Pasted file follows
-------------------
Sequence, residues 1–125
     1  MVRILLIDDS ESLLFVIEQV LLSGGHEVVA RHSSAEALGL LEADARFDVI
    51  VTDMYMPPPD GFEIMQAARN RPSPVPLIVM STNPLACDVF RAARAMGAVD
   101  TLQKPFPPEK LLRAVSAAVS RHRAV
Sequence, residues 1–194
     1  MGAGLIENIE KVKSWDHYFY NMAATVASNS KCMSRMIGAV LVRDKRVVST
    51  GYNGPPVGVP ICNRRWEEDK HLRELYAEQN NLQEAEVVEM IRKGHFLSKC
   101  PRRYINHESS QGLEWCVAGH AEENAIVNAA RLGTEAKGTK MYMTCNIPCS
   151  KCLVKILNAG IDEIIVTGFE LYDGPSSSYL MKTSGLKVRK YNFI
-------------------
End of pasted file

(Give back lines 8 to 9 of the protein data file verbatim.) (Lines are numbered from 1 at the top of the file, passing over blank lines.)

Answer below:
   101  PRRYINHESS QGLEWCVAGH AEENAIVNAA RLGTEAKGTK MYMTCNIPCS
   151  KCLVKILNAG IDEIIVTGFE LYDGPSSSYL MKTSGLKVRK YNFI